Victims on the margins

You do not have to be a woman or heterosexual to be a victim of
domestic violence. Yet the fact that lesbians and gay men may be
abused within an intimate relationship is often overlooked by
service providers and policy-makers.

Stuart McQuade believes he was one of the lucky ones. When he
turned up at a hospital casualty unit after being badly beaten up
by his partner, he received a helpful and sympathetic response from
medical staff, police and the Crown Prosecution Service.

Ten years later, McQuade is director of Northamptonshire Lesbian
Gay and Bisexual Alliance. “There are pockets of very good practice
but lots of very bad practice,” he says. “People encounter a
sniggering and giggling kind of attitude. I’ve heard of situations
where the police have arrived at an incident and said, ‘you’re both
men so why can’t you sort it out for yourselves?’. Or police
officers may assume that the perpetrator is the victim just because
they are the littler of the two.”

Ill-informed and stereotyped attitudes are not just confined to the
police. McQuade says: “We’ve had victim support counsellors telling
people they don’t know what to say. The reaction is, ‘if you were
the woman I would say this. If you were the man I would say that’.
It creates a lot of unhappiness.”

Victims of same-sex domestic abuse rarely report violent incidents
because they are afraid of the response.

A recent national survey found that only 18 per cent of gay men and
13 per cent of lesbians experiencing domestic violence had informed
the police. Tellingly, only 5 per cent of men and less than 4 per
cent of women had reported incidents more than once.

Lesbians are often even more reluctant than gay men to contact the
police because they fear that their children may be taken into
care. McQuade says: “If you’re a lesbian mother you already think
that the state views you as an incompetent parent. You worry what
will happen to your children if you go to court.”

On the other hand, men experiencing domestic violence, whether in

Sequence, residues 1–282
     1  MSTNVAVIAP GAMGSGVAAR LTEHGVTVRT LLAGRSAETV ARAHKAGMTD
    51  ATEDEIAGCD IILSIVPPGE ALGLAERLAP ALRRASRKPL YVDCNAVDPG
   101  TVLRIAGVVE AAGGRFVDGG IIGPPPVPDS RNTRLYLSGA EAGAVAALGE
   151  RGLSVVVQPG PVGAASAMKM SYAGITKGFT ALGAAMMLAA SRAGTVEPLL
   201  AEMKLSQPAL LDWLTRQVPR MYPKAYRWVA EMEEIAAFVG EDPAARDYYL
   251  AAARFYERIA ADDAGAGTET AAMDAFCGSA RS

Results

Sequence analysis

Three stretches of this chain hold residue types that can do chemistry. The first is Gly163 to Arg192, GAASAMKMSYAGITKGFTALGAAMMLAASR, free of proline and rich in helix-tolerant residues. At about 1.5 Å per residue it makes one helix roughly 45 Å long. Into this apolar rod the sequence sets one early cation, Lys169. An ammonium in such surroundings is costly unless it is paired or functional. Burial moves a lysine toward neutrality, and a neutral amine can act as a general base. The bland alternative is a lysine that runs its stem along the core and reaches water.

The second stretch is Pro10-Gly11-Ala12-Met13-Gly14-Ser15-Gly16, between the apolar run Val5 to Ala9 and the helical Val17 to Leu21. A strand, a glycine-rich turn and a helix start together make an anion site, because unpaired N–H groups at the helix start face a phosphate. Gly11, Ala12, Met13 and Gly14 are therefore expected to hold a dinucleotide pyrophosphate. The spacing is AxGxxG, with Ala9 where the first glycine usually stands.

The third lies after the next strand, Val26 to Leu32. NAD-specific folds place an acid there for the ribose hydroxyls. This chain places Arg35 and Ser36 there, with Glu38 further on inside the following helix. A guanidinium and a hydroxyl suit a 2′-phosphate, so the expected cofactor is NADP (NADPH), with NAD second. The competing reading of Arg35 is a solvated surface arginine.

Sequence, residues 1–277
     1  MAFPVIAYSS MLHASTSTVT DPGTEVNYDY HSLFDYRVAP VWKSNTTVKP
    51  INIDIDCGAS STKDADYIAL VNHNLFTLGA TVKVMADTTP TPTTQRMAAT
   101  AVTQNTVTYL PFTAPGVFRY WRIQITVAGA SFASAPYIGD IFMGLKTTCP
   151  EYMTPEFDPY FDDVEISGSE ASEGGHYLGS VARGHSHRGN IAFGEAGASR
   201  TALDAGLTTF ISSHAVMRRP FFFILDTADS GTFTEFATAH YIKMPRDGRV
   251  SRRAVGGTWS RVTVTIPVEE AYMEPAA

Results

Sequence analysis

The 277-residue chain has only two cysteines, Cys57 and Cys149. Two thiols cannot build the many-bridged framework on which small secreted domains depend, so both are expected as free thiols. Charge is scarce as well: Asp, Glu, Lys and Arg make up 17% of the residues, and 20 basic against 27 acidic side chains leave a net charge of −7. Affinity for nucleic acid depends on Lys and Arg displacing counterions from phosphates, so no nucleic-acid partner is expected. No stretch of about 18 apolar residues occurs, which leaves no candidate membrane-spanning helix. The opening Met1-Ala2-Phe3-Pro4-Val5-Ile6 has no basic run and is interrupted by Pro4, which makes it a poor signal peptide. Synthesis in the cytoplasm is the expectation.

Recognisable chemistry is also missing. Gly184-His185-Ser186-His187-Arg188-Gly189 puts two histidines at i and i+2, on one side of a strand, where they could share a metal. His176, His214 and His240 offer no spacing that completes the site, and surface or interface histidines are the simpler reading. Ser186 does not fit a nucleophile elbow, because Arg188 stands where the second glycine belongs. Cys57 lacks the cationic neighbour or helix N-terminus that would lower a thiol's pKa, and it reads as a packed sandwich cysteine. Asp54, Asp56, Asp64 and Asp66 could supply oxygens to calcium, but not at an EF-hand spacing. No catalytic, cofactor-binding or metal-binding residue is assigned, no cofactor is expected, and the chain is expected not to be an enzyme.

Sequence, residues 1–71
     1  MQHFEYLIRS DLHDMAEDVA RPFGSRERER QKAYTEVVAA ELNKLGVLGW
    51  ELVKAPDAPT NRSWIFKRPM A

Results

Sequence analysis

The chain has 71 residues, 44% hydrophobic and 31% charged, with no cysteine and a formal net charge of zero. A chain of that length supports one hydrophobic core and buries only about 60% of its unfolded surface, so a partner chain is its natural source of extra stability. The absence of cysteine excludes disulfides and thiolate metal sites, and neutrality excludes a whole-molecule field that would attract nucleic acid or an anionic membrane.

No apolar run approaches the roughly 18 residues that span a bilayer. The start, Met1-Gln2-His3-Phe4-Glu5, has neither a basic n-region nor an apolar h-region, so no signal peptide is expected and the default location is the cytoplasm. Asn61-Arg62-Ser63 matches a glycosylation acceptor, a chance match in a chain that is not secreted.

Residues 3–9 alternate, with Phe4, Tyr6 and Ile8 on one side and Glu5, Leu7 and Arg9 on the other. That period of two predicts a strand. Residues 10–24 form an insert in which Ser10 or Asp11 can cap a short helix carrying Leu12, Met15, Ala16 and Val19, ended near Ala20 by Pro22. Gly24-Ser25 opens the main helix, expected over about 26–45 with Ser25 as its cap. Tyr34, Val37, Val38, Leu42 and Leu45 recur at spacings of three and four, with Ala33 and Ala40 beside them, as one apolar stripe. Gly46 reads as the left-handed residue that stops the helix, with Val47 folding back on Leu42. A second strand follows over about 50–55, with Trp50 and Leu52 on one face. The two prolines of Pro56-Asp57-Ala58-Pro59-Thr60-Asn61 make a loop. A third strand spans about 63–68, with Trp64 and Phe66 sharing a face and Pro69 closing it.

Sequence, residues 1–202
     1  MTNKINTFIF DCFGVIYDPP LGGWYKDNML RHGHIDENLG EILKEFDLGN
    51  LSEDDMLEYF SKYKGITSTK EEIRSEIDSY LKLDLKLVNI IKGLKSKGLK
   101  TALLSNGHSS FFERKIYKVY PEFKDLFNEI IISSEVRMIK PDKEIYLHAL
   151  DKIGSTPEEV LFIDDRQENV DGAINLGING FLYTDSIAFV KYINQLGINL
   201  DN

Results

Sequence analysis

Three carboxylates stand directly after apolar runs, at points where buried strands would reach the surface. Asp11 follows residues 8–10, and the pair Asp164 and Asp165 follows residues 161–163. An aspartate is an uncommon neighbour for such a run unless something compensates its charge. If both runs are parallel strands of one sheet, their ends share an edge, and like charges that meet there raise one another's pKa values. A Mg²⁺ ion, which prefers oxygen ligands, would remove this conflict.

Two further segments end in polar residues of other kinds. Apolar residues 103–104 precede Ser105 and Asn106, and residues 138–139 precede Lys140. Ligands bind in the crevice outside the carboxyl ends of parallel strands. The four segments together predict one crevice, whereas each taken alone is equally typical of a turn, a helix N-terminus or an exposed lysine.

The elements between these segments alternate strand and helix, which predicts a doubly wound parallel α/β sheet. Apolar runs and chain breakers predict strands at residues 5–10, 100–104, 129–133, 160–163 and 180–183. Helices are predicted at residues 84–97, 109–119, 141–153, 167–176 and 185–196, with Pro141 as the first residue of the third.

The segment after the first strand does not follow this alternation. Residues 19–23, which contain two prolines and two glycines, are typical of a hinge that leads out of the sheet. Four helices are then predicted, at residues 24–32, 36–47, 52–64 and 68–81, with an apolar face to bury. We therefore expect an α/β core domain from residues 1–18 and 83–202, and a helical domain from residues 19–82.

same-sex or heterosexual relationships, are disadvantaged by
services geared towards heterosexual female victims. Although 34
men were killed by their partners in England and Wales in 1997
alone, there are only four refuge beds available for men in

Brighton-based Gay and Lesbian Arts and Media (Glam) is funded by
Comic Relief to improve awareness of same-sex domestic violence
issues both within gay and lesbian communities and among agencies.
Glam is developing a website and CD-Rom to offer information and
advice. As part of the project Glam is drawing up a map of support
services across the country. Director Dee Shelley says: “The idea
is to let people know they’re not alone and enable them to click on
to details of services in their area.” It is a time-consuming
process because Glam checks every service with the local gay and
lesbian community before adding it to the database.

Not every agency claiming to support survivors of domestic abuse
addresses the needs of same-sex victims. Shelley says: “In Brighton
there’s a brilliant refuge with a lesbian domestic violence worker,
but in some refuges an abuser can gain access if she is a woman.
Sometimes people experience homophobia and further abuse from other

The Glam website will also include details of the service response
users should expect from agencies such as the police and the CPS.
Shelley describes the relationship with both the Association of
Chief Police Officers and the CPS as “very positive”.

In Northampton, the alliance has worked closely with the police to
establish a multi-agency forum for responding to domestic violence.
The forum runs a Home Office-funded project known as the Sunflower
Centre where victims of domestic violence can receive advice and
support in a single setting. Other partners include Relate, Victim
Support, housing, legal advice, Crown Prosecution Service, welfare
rights, child protection and social services.

McQuade says social services may be assigned a social worker where
domestic violence is linked to other social problems. “There’s
usually something else going on. It might be drug or alcohol
addiction or mental health problems.” He adds: “Crack has changed a
lot of things in the past few years. There are some very sinister
scenarios with one partner selling sex and the other acting as

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